A woman from Edlington in Doncaster is using technology to help manage her mental health, and as a result has started to sort through her debts, organise her appointments, reconnect with health and social services, and rebuild her life.
Sarah (not her real name) is in her mid forties, and was referred to the Edlington Hilltop UK online centre by her GP, as part of a ‘social prescribing’ partnership where Doctors can send patients for further support beyond the medical – and beyond the normal ten minute appointment times.
Sarah explains: “My relationship with the GP practice was not good. I wasn’t coping with a lot of medical and non-medical issues, and all they could offer were anti-depressants. Everything was out of control. The Doctor asked Leigh, from Edlington Hilltop, to get in touch with me.
“At first I didn’t feel like Leigh could help me because everyone had let me down in the past, so I was very apprehensive. But Leigh soon set me at ease, and she’s helped me so, so much.”
Having struggled to form relationships throughout her life, Sarah had ended up in an abusive relationship with a chaotic home life, and suffers from anxiety and depression. With the police and the courts involved, as well the GP and adult social services, Sarah continued to find it hard to make herself understood and to get the help she needed. That’s when she was diagnosed with Autism and ADHD. As an adult, the diagnosis explained a lot about her life growing up, but also left Sarah adrift – with no idea what to do next.
Sarah continues: “When I was first diagnosed I was actually relieved. I had known all my life that something was not right, so it was nice to have an answer instead of being told I was stupid, or emotional, or needed to pull myself together. But at the same time I didn’t really know what it meant. Or what it would mean for the future. Leigh helped me with that.”
When Leigh Callendine first met Sarah she was very defensive and often hard to get hold of, and it took time to build trust. Researching Autism and ADHD on the computer gave them a starting point. Leigh says: “I think Sarah thought the Doctor was trying to fob her off by passing her over to me and the Edlington Hilltop centre, but actually she’s exactly the sort of patient we should be seeing as part of our partnership, because we can fill in the gaps and help people find the information and services they need to get on – or get better.
“When you think of ADHD or even autism you tend to think of young children and boys – so it’s a very confusing diagnosis to receive. Together Sarah and I went online to find out more information, and try and understand what that looked like for an adult woman. Sarah soon recognised some of the symptoms described, and how they affected her life. We also found out about tricks to cope when you’re overwhelmed, and possible medicines and treatments that she could talk to the GP about.”
“I would not understand my condition at all if it wasn’t for online information,” says Sarah. “I’d never used the internet before, so it was all a bit new. And it’s been a long time since I learned anything new because I’ve always been treated like I was thick. Then my partner didn’t want me online, because he couldn’t control me there. Now I’m sorting bills online, making appointments and keeping in touch with Leigh online too. And if I want to find out about something, like my condition, I can look it up.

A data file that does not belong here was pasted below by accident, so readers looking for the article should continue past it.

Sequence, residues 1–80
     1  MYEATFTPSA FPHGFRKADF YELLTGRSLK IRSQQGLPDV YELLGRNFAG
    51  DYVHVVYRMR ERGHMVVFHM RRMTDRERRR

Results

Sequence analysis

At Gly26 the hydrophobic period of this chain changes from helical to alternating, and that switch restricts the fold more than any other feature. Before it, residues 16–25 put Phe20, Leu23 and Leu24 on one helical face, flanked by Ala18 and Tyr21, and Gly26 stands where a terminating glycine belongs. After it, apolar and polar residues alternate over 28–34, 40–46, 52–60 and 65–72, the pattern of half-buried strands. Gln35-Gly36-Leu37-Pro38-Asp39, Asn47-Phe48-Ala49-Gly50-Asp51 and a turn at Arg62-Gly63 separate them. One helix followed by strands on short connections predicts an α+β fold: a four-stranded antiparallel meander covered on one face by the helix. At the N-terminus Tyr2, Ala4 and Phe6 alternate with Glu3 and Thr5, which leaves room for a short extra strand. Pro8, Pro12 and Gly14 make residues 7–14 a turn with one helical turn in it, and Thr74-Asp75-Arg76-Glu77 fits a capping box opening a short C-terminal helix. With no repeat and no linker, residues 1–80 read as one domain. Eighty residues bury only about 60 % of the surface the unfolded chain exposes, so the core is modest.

“It meant a lot to me to find out that I’m not so unusual, and that I’m not alone. I feel like I’m at peace with myself – like I have hope and light at the end of the tunnel, at long last.
Leigh was able to mediate with the GP to help Sarah improve her relationship with them, and her treatment. Sarah continues: “Leigh has put a support plan in place and has referred me to the adult contact team and I now have a social worker and a mental health nurse who is in regular contact with me to support my ADHD, Autism, depression and other mental health problems.”
And Leigh hasn’t stopped there. She says: “Like many of the people we see, Sarah’s problems weren’t just medical – they were also financial and legal – but all wrapped up with her mental health and home circumstances. A Doctor can only unravel the medical bit – here we can step in and help unpick some of the other challenges people face, too. And the internet can help in all sorts of situations. People are amazed when the see how much information is online. For any problem or challenge you face, you can find a solution, a pathway, or at least someone else who’s been in the same situation.”
Sarah continues: “Leigh attended court with me for my Personal Independence Payment appeal, dealt with police issues from a violent ex-partner, and sorted out my benefits. I hadn’t opened a bill for over 18 months, but Leigh helped me contact the people I owed money to, and get everything back on track.
“At first I found it very difficult to open up about my mental health and my life – like I was exposing myself emotionally. I’ve never had anyone in my life I could do that with. Now I know Leigh I actually feel a lot better about new experiences and approaches. It’s such a relief to have everything sorted out. I feel back in control, like I can lead a full and independent life.
“Without Leigh and the Edlington Hilltop Centre I don’t know where I’d be. Things were pretty bad. I was thinking about how I could kill myself. Now for the first time I feel like I can settle and look forward and make plans. I just needed that support, and for someone to listen and not judge. I can’t thank Leigh enough.”